Coronavirus: Iran’s female singers familiar w… (

“We haven’t left the house for two months,” says Massy Ahadi. “I miss the exchange and singing with the other women,” the 40-year-old singer told DW from Tehran. To contain the virus, the Iranian government has called on all citizens to stay at home.

“The government avoids the word quarantine, and it requires us to voluntarily keep out distance from others,” she says, adding that she believes the government hasn’t officially imposed restrictions so it won’t have to deal with people under quarantine. “There is no government aid in Iran.”

Online singing tutor

Massy Ahadi makes a living by giving singing lessons to women. Women who can afford lessons belong to the middle and upper classes of Iranian society. For them, staying at a home is no problem financially. Some of them are quite willing to take lessons online and pay for them. But Massy Ahadi is worried: “Under the influence of the virus, the already poor economic situation in Iran could worsen even further.” That might decrease the number of her students even more.

Massy Ahadi is famous for her interpretation of traditional Iranian music. She can only perform legally to an all-female audience. Since the 1979 Islamic Revolution, women have been forbidden to sing in public. As a result, many popular female singers left the country after the revolution. Many emigrated to the US, as did many other artists — in particular to California, which has the largest community of Iranians outside Iran. The west coast state is home to a flourishing Iranian music industry that provides young audiences in Iran with modern pop music.

Banned from the stage

“The love for traditional music has not died out among the young people in Iran,” says Massy Ahadi. “I teach many talented young women who enjoy singing in the classical traditional style.” They know they must never perform in public, she adds.

Over the past 40 years, the ban on performing in public has forced singers and musicians who stayed in Iran to move their art inside the homes. They sing for friends deemed trustworthy at private concerts.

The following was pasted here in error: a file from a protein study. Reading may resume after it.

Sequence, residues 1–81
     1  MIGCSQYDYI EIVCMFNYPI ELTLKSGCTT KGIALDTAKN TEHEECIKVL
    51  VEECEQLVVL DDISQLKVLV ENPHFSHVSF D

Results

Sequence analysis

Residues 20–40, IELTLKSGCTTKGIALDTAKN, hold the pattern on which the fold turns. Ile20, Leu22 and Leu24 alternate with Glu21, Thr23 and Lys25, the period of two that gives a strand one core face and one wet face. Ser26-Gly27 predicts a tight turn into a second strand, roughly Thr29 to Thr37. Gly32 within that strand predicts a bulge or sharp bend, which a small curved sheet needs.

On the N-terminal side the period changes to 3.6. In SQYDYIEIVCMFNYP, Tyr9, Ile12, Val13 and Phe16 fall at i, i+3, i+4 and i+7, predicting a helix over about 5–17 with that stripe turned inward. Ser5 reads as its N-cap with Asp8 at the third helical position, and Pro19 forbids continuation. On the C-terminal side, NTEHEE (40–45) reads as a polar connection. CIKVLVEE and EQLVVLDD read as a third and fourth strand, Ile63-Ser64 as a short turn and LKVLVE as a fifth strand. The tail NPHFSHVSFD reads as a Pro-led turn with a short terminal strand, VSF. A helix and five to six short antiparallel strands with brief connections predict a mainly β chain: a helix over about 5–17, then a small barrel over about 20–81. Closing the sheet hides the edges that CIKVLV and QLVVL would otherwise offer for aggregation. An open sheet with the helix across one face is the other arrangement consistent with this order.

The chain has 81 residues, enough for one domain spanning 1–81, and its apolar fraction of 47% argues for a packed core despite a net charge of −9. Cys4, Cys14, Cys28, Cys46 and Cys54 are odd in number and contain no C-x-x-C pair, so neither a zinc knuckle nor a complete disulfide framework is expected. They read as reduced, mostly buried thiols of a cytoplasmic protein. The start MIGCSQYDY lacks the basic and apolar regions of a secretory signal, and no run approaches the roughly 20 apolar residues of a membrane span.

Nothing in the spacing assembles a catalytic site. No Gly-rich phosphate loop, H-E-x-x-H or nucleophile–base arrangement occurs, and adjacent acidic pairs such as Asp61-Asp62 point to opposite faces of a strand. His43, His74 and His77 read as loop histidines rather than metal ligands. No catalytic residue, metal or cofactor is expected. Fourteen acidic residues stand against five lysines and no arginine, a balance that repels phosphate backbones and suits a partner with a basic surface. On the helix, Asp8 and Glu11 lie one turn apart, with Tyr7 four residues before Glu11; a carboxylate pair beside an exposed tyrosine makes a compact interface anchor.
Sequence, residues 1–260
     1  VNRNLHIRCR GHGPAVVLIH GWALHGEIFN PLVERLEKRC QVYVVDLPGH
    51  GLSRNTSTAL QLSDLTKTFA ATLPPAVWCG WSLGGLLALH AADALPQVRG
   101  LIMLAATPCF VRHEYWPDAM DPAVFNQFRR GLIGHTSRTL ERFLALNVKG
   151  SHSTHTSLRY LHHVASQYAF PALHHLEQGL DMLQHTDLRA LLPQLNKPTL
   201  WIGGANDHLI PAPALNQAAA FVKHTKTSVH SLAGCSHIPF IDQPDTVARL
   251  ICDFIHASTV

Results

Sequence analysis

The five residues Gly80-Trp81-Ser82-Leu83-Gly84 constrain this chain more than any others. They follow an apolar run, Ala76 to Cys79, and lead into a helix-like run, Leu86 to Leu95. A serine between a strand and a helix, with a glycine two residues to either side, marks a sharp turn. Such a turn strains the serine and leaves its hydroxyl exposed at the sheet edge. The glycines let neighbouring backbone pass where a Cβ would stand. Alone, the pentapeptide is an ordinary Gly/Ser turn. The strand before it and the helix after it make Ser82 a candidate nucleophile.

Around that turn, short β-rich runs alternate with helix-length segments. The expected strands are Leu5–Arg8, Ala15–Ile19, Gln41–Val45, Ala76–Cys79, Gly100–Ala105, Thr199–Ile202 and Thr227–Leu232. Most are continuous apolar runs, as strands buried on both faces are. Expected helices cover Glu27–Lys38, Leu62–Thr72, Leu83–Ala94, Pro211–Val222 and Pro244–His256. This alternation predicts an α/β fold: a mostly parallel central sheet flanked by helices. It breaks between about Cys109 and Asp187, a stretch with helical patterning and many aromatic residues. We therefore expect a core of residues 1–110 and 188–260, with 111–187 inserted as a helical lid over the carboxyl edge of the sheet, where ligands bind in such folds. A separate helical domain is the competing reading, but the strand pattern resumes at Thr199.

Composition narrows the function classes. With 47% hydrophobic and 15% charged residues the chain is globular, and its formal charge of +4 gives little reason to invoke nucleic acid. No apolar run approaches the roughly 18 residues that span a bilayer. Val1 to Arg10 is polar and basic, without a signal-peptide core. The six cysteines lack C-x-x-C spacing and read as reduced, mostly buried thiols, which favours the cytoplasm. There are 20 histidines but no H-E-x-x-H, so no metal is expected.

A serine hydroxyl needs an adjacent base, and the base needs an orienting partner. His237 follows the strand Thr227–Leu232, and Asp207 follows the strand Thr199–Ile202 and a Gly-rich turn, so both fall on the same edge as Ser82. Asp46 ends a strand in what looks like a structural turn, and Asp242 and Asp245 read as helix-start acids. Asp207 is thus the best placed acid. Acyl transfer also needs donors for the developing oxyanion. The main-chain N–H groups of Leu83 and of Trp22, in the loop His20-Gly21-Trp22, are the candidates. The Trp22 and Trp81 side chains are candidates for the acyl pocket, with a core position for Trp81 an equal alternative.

Read more: Author Fariba Vafi: Writers struggle for influence in Iran

Even celebrity female singers offer singing lessons for women, including the legendary Parvaneh Khatereh, the first female singer to appear on Iranian television in the 1950s. Khatereh discovered the talented young Massy Ahadi and gave her singing lessons until her death in 2008. Massy Ahadi also began teaching other women. She founded the Mahna women’s orchestra that gave numerous concerts for women until 2015.

“We were successful, but it was also exhausting and depressing,” she remembers. “We needed special permission for everything, our songs had to be approved and lyrics weren’t allowed to contain forbidden words like “kiss” or “hug.”

Visitors are checked every time because the authorities did not want anyone to bring a camera into the concert hall, she says.

Social media platform

Even when all conditions were met, solo performances were still forbidden, even for an all-female audience. Ahadi left the group and began recording her songs as a soloist in private studios.

Social media and platforms like YouTube give her the opportunity to be seen, and to be heard.

“I don’t want to fit in anymore. Of course I know that I am acting illegally and that I can get into trouble. But I want to get out of our eternal ‘quarantine’,” she says. “Actually, we women have been quarantined for 40 years.”

With singing lessons pared down due to the coronavirus restrictions, Massy Ahadi has started to work with other musicians on new online concerts from home. “This is a shared experience and I very much hope that something beautiful will come of it — for instance a cooperation with musicians outside Iran.”

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